Sometimes I make the mistake of thinking that we have had all the new adventures that we as missionaries will have. From here on in, it will just be repeats with a few changes. But, again this week we had another brand new adventure. We went out to teach a lesson to the family we have been fellowshipping whose wife isn't a member. She wasn't home when we got there, but came shortly after. While she was driving down their lane, a bird hit the windshield and got hung up on the antennae. When she stopped, it fell to the ground. We discovered that it was a little owl about eight inches big. We put it in a box and put it in our truck. It was too late that night to do anything with it; so we said that if it was still alive in the morning, we would take it to a rehab. place. We found out the best place is the little zoo in Window Rock. The man told us that it is a Western Screech Owl. He couldn't find anything broken, just traumatized from the bump, and weak from a hard winter. We haven't heard if the little owl made it or not. We will have to check on it the next time we are up that way. Oh, by the way, the lesson with the family went really well; and we have another appointment to meet with them.
We have two other investigators that we are working with and continuing to teach, nourish, and are hoping one day to be able to see them baptized. They are both special men, and we have seen a lot of growth in them. The one has a nine-year-old son that he wants to have baptized, also. So we will see how things progress. We continue each week to meet with as many people as we can, (at least try to if they are home), give lessons, and do service. The weeks are really flying by.
We had a Senior Missionary Couple serving in Tohlakai, and the sister is blind. I think I have mentioned her before in our posts. She is the first blind person to serve a mission with a service dog. The Church, in the past, hasn't allowed service dogs to come on missions. It took over a year for them to finally get approval to come on a mission (as well as our Stake President and Mission President putting in a good word). We have enjoyed our friendship with them. She is truly an inspiration. She is always so positive, a fabulous cook, makes decorations, and can do just about everything. Her lack of sight certainly does not hold her back. Anyway, they finished their mission this week. We spent one whole day working with them, helping them pack, and getting them on their way home. They live in the West Jordan area there by Salt Lake. We hope we will be able to see and visit with them when we get home.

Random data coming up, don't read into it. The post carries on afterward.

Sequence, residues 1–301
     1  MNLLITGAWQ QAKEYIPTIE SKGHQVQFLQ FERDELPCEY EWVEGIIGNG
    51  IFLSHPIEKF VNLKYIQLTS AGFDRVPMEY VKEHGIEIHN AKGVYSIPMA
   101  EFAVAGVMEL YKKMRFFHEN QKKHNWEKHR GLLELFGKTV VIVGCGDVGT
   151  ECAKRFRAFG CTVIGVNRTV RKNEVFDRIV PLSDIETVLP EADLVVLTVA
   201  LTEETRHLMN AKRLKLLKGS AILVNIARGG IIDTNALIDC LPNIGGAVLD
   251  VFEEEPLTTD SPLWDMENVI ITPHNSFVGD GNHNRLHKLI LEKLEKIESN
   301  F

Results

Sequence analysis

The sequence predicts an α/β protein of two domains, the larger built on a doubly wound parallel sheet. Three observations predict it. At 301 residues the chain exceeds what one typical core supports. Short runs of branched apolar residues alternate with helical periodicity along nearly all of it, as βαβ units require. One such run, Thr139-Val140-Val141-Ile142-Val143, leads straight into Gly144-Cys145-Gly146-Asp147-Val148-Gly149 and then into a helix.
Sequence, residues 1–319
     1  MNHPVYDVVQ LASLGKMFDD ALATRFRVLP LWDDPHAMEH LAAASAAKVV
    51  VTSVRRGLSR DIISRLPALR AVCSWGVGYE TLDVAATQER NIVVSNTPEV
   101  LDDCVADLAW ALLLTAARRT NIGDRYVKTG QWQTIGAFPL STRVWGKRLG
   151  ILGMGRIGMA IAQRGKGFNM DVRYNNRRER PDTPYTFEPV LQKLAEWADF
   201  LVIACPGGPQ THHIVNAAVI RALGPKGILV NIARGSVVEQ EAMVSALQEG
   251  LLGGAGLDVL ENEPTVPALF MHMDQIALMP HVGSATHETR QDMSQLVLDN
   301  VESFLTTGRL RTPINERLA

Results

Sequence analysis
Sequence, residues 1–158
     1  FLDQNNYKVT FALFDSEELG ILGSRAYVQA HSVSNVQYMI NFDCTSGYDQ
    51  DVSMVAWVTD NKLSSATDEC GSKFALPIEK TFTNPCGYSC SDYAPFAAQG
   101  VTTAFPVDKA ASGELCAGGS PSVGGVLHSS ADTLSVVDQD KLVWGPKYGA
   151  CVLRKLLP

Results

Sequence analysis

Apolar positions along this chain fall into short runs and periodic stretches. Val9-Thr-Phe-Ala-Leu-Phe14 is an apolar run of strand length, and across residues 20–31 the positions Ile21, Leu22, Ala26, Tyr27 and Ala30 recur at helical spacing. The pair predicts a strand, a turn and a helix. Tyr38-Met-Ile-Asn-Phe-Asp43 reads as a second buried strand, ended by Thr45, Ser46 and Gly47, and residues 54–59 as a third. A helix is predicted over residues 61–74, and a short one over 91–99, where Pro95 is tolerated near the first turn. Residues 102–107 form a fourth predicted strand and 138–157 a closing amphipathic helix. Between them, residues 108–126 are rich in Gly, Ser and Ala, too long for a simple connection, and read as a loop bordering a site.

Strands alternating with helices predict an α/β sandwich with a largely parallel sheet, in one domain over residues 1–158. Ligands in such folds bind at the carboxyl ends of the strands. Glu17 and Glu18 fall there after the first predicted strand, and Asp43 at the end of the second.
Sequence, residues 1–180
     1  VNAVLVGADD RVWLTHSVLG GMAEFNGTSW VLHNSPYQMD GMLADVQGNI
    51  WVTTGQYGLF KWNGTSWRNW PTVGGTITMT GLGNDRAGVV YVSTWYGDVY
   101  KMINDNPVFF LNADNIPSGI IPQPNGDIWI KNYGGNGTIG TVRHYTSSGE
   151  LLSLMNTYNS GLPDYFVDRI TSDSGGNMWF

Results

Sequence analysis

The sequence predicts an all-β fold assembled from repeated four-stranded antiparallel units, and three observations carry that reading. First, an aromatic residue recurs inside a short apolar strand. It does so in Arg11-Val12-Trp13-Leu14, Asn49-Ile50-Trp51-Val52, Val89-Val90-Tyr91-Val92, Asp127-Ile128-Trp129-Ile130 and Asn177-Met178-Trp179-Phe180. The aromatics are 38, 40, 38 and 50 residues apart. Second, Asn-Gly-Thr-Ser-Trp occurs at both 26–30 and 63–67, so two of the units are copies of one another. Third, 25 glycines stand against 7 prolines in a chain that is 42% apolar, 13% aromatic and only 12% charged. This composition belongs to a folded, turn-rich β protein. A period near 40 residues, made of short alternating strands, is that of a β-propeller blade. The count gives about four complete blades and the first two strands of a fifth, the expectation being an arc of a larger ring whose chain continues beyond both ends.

Slowly, one-by-one, the number of Window Rock District Senior Missionary Couples is becoming smaller. By the end of June the last five remaining couples will all have finished their missions and returned home. When we got here, there were eight Senior Missionary Couples serving in the Gallup Stake. When we leave, there will not be any Senior Couples left in the Gallup Stake. There is a great need for Senior Couples, not just here in the New Mexico Farmington Mission, but throughout the Church.
Our weather has been so nice for the last while. We are down in the twenties at night, but it warms up into the sixties during the day. I keep thinking the trees are soon going to start budding out. Today we had a centipede crawling on the sidewalk in front of the Church. I think it was about three or more inches long. They said that it was just a small one, but they are poisonous. I am not looking forward to seeing any bigger ones. Hopefully, they can't get in our home.
We look forward to whatever new adventures are in store for us this week. It is a privilege to be able to serve the Lord and the people here on the Navajo Reservation. There is no better place to be or to serve.